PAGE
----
Sportsgirl victorious against SPORTSBOY
The Australian Trademarks Office has upheld the opposition filed by Sportsgirl Pty Ltd, a well-known Australian clothing manufacturer and retailer, against the application for the registration of the trademark SPORTSBOY in respect of goods in Class 25 of the Nice Classification ( ATMO 71, October 22 2007). The delegate of the registrar of trademarks found that Sportsgirl had done "sufficient work" in transferring the onus onto the applicant, Filip Sali, to establish that confusion and deception would not occur.
Sali applied to register the trademark SPORTSBOY for "clothing, footwear, headgear and clothing accessories" in Class 25. Sportsgirl is the owner of a number of registered trademarks, including SPORTSGIRL and SPORTSKIDS, for a broad range of clothing goods in Class 25. Moreover, Sportsgirl has prior use of the unregistered trademark SPORTSGIRL BOY in relation to a range of accessories, including pendants, necklets, bracelets and rings.
Sportsgirl opposed the registration of the SPORTSBOY trademark on several grounds under the Trademarks Act 1995, including Sections 41, 42(b), 43, 44, 59 and 60. At the hearing, Sportsgirl argued grounds of opposition under Sections 44, 60 and 42 of the act. Sali did not appear and made no submissions. The delegate of the registrar of trademarks decided the opposition based solely on Section 44 of the act.
Along with filing evidence of use and reputation of its SPORTSGIRL trademarks, Sportsgirl relied on evidence demonstrating the common girl/boy 'pairings' of trademarks by the same owner in Class 25. It also relied on evidence that Sali may have adopted the SPORTSBOY trademark following a business meeting with Sportsgirl in which Sali allegedly expressed that "there should be a Sportsboy for guys".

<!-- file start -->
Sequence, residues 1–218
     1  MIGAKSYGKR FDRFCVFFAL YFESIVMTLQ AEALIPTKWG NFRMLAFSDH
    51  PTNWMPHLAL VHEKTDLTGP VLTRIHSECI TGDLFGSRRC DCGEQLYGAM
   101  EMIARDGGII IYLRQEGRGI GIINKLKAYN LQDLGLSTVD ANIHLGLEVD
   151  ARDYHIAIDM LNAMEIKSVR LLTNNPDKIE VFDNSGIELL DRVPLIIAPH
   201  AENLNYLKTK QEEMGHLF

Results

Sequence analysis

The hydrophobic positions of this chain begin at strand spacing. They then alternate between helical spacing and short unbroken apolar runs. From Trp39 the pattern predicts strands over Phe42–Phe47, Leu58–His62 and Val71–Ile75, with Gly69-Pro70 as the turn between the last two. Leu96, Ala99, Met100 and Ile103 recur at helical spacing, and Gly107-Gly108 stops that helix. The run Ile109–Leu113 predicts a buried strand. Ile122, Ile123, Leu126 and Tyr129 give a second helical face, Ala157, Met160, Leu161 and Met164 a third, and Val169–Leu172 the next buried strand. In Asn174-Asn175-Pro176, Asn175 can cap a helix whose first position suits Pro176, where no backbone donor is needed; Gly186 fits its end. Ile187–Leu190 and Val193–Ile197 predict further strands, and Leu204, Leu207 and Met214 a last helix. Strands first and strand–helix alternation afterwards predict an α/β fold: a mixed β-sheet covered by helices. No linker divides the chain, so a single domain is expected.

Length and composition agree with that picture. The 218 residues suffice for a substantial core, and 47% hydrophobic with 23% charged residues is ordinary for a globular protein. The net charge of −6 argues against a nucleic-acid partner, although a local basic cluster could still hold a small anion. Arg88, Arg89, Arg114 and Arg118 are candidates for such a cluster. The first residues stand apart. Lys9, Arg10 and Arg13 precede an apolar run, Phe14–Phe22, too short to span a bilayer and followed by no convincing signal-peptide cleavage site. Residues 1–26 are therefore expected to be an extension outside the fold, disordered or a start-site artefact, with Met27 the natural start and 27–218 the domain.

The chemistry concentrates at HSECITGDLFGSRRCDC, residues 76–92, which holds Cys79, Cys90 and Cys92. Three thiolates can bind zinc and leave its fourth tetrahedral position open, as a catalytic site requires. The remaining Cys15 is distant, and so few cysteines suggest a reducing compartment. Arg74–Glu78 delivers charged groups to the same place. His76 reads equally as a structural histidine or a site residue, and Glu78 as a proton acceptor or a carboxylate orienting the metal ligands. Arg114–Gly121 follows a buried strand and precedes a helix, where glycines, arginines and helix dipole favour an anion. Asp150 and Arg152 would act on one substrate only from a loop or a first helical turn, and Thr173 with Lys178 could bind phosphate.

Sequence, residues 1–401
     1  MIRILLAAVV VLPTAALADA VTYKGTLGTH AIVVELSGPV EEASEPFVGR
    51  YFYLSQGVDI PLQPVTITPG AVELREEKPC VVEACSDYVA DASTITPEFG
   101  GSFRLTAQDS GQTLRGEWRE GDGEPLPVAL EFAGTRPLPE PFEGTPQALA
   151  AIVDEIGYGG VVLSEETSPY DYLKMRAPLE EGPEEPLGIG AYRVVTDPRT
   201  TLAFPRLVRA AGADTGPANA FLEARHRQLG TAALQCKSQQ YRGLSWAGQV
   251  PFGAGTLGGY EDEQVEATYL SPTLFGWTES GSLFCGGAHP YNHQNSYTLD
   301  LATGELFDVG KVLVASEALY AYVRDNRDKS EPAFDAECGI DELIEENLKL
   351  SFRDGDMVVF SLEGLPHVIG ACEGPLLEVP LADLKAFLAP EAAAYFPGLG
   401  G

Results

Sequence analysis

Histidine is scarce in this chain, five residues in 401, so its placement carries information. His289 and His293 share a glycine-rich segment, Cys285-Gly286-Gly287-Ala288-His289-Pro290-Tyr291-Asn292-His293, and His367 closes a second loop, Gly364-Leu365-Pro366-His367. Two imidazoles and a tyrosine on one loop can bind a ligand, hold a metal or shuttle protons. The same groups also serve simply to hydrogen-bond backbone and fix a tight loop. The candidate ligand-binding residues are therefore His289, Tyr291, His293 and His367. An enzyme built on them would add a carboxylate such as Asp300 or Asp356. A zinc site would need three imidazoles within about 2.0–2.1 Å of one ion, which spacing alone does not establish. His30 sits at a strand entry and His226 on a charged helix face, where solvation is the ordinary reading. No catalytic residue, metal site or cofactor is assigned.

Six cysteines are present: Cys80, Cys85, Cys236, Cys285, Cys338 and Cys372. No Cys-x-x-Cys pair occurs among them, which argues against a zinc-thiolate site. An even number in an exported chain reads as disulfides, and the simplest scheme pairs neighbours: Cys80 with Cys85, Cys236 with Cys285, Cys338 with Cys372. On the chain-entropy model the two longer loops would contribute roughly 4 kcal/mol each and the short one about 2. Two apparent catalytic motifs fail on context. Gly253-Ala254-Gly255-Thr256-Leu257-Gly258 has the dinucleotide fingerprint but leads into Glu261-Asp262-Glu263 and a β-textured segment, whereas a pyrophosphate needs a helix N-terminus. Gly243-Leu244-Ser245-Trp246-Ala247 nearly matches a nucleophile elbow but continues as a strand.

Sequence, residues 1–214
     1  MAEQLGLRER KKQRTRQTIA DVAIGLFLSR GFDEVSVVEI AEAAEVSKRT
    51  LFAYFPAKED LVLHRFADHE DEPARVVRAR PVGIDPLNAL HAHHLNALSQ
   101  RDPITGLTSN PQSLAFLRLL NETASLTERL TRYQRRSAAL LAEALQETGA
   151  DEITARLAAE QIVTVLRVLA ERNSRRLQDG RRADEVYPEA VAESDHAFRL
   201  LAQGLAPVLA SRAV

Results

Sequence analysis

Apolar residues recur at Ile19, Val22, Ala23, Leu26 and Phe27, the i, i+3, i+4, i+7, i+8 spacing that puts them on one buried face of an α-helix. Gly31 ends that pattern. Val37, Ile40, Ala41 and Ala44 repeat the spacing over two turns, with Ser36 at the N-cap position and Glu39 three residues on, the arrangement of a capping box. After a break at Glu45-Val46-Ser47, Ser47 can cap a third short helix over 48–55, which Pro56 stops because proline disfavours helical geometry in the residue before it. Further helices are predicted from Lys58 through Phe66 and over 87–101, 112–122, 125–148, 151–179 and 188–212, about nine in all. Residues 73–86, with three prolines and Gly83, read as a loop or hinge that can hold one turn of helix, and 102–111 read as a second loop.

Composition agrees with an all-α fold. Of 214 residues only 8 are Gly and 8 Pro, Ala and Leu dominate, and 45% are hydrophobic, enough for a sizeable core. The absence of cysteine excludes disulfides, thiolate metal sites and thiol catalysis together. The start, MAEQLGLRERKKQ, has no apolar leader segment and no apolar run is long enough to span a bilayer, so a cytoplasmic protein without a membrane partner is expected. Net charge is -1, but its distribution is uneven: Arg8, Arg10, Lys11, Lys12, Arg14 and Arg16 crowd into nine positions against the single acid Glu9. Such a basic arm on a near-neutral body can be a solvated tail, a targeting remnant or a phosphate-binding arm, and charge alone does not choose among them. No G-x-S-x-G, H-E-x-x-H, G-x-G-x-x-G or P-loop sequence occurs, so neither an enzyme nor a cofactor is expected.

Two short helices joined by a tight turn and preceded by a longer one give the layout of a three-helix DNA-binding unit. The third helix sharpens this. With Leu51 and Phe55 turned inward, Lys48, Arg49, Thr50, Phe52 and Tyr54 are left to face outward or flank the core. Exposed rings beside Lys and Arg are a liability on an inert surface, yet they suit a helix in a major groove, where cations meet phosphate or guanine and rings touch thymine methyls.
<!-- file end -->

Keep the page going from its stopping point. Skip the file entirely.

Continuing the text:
At the hearing, Sportsgirl submitted that the SPORTSBOY trademark incorporated the essential distinguishing or memorable features of the SPORTSGIRL and SPORTSKIDS trademarks. Sportsgirl argued that the respective trademarks used the word 'sports' in conjunction with a second word of similar meaning (ie, a young person), with the words in each trademark conjoined. Sportsgirl further submitted that Sali had adopted the same first word as the word adopted in Sportsgirl's suite of SPORTSGIRL and SPORTSKIDS trademarks.
The delegate observed that the common element between the trademarks - the word 'sports' - has a very low capacity to distinguish the goods of any one trader in respect of the goods of interest in this case. As for the words 'girl' or 'kids', these indicated only the intended consumers of the goods. The delegate's initial view was that the SPORTSGIRL and SPORTSKIDS trademarks were not strongly similar to the SPORTSBOY trademark.
However, the delegate could not dismiss the following factors in considering whether the trademarks of the parties were deceptively similar:
- Sportsgirl's use of the unregistered trademark SPORTSGIRL BOY and of the registered trademark SPORTSKIDS;
- Sportsgirl's evidence concerning Sali's alleged adoption of the SPORTSBOY trademark; and
- Sportsgirl's evidence demonstrating that boy/girl coinages in trademarks are not uncommon in Australian and overseas marketplaces.
The delegate also took into consideration Sportsgirl's undoubted reputation in the SPORTSGIRL brand. He concluded that in some circumstances, it is impractical to ignore the reputation of a trademark in the comparison - particularly where that reputation is strong and unlikely to be divorced from the minds of consumers in any comparison that they might make.
Therefore, the delegate found that Sportsgirl had done sufficient work in transferring the onus onto Sali to establish that the SPORTSBOY trademark would not cause confusion or deception. Given the absence of any submissions or evidence from Sali, and in view of Sportsgirl's evidence and submissions, the delegate found that the opposition was established in terms of Section 44. The delegate thus rejected the application to register the trademark SPORTSBOY.
Lisa Ritson and Emma Rodigari, Blake Dawson, Sydney
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